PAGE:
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Red-billed Hornbill

Tockus erythrorhynchus

Did you know?

  • This bird is an omnivore, meaning it eats plants and small animals.
  • While the males and females look similar, the female’s bill is smaller.
  • Its long, curved beak is perfect for digging.
  • It is territorial but typically only defends its territory against its own species; other hornbill species aren’t a concern.
  • A female typically lays three to six eggs at a time.


Red-billed hornbills hunt cooperatively with mongooses; the mongooses will sniff out and uncover insects, while the hornbills watch out for predators and sound alarm calls!

Trusting Pair

These birds have an interesting parental strategy. The female seals herself into a tree cavity, leaving only a small slit through which the male provides food. The female molts and regrows her feathers during this time, she breaks out when the oldest chick is 21 to 22 days old. The chicks then reseal the entrance alone, using their droppings and food remains.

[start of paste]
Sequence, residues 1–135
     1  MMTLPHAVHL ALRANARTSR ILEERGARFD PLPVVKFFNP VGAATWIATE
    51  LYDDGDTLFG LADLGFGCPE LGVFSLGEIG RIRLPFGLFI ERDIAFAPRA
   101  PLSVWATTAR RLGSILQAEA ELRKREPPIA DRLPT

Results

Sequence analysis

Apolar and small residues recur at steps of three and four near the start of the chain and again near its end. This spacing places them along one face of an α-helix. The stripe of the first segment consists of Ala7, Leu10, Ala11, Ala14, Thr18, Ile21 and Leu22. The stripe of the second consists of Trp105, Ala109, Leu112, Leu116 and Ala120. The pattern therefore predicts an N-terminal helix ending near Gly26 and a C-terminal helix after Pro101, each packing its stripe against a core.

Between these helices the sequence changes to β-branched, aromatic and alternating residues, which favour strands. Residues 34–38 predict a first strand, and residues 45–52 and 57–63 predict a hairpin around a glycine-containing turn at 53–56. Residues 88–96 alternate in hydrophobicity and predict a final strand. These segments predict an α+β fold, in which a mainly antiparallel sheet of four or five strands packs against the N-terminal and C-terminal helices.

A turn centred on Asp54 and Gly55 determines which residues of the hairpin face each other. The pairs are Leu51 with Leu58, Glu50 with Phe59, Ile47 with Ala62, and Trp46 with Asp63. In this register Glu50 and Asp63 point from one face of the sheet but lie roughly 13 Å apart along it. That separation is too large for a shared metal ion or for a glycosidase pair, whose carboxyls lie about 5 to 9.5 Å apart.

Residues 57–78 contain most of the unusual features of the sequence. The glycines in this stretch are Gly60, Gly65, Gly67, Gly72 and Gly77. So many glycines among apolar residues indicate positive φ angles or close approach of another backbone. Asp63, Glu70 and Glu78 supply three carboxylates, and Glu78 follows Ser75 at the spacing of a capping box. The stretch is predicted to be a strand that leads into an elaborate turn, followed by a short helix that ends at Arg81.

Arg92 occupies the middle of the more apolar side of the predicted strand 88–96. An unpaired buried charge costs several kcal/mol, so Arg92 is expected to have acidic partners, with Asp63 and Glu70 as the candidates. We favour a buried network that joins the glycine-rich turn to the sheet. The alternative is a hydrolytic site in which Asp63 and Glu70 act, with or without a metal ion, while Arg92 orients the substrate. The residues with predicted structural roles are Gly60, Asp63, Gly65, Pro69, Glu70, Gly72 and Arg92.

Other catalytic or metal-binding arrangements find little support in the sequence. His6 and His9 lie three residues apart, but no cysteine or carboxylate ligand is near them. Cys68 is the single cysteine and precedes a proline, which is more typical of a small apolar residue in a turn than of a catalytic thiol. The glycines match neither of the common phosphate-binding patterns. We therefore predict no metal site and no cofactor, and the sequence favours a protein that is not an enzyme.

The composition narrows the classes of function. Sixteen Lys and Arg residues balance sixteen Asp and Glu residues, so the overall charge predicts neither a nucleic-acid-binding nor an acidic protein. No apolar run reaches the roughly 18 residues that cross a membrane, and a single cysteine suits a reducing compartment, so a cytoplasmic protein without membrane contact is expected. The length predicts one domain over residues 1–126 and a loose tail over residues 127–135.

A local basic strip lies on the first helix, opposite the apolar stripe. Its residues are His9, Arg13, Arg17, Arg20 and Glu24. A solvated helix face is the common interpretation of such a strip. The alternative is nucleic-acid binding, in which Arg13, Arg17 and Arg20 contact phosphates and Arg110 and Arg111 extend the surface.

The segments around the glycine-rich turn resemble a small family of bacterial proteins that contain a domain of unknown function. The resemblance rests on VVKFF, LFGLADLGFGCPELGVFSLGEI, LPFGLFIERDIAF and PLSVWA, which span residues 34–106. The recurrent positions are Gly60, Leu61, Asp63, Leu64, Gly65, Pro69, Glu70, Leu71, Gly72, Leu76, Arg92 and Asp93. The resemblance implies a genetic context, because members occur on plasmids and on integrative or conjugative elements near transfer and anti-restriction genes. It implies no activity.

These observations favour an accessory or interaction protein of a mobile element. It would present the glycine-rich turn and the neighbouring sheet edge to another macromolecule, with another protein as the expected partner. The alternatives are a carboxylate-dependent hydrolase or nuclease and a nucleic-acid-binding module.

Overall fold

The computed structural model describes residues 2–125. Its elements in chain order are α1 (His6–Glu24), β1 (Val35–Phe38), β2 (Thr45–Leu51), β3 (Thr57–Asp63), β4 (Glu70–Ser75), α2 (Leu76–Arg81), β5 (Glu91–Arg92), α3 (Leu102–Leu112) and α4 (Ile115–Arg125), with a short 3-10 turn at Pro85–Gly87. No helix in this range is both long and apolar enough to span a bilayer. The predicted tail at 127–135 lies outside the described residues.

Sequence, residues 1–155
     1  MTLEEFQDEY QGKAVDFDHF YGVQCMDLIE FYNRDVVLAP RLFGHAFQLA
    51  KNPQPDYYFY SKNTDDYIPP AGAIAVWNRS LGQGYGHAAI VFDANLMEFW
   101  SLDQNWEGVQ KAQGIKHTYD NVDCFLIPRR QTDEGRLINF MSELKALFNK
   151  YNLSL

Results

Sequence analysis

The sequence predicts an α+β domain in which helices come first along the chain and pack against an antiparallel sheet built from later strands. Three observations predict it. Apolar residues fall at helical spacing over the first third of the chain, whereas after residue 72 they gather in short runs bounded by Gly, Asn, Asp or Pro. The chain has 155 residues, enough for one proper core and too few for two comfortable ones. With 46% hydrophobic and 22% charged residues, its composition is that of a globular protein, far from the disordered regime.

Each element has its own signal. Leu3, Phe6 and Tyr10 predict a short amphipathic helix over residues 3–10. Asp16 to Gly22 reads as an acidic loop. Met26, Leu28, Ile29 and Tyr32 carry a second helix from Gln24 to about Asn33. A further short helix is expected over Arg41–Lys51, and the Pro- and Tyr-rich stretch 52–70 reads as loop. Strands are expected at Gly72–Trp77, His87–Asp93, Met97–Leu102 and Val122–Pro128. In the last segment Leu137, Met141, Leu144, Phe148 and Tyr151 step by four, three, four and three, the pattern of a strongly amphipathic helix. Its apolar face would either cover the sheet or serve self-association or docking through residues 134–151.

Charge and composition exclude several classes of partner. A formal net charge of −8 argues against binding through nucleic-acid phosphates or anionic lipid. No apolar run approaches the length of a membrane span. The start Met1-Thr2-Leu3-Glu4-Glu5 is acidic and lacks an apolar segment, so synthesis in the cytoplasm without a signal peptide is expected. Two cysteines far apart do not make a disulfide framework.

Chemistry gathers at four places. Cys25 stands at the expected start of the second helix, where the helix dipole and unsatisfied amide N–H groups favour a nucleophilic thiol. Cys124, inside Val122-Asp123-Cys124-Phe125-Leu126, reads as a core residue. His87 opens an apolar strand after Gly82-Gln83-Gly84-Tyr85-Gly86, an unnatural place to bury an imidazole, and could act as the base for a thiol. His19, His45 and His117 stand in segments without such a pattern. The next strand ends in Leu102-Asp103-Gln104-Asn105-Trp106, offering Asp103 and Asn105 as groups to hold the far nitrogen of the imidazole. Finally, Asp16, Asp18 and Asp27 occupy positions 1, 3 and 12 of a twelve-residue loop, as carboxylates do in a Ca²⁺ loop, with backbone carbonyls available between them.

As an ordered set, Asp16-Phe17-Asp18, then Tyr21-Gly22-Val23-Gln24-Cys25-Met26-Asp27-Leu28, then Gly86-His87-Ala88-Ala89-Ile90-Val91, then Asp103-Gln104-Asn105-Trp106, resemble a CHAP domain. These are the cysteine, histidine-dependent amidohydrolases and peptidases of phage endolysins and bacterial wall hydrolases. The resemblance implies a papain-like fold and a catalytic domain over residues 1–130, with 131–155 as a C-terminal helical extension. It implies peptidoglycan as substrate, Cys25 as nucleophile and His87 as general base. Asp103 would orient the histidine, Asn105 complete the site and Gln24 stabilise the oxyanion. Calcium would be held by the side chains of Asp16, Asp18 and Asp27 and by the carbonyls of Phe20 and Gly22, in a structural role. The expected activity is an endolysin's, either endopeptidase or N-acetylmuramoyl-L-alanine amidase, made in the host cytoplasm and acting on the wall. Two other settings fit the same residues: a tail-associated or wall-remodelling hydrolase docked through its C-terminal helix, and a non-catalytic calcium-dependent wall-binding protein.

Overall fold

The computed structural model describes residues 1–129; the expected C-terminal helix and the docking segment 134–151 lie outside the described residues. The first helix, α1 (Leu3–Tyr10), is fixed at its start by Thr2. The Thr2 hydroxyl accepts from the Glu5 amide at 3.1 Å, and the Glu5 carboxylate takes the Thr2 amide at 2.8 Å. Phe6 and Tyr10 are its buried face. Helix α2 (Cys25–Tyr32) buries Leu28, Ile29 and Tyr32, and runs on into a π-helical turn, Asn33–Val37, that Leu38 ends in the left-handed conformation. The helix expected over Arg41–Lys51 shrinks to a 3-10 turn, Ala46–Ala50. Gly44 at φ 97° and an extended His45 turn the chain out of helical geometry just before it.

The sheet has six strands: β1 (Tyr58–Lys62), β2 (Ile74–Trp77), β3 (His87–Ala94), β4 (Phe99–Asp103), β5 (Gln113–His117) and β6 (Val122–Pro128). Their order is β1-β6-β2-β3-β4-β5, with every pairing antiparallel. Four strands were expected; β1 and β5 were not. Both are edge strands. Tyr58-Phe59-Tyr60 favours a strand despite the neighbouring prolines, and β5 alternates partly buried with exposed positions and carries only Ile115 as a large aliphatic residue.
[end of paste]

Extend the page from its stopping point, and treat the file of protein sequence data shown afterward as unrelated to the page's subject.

Threat Level

  • Unknown
  • Common
  • Near Threatened
  • Threatened
  • Endangered
  • Critically Endangered
  • Extinct in the Wild


The Red-billed Hornbill is widespread and abundant.


Sub-Saharan Africa


Savannas, woodlands and thorn forests

We care about red-billed hornbills

The Saint Louis Zoo supports red-billed hornbills in the Bird House and Bird Garden.

Find this animal in Historic Hill


Historic Hill

Historic Hill is a lovely stroll through one of the oldest parts of the Saint Louis Zoo. From the 1904 World’s Fair Flight Cage to the Spanish architectural flavor of the 1920s in the Bird House, Primate House and Herpetarium to the finishing touches of our thoroughly modern exhibits, this area of the Zoo has a unique ambiance and a nostalgic history that make it a great destination.

Explore Historic Hill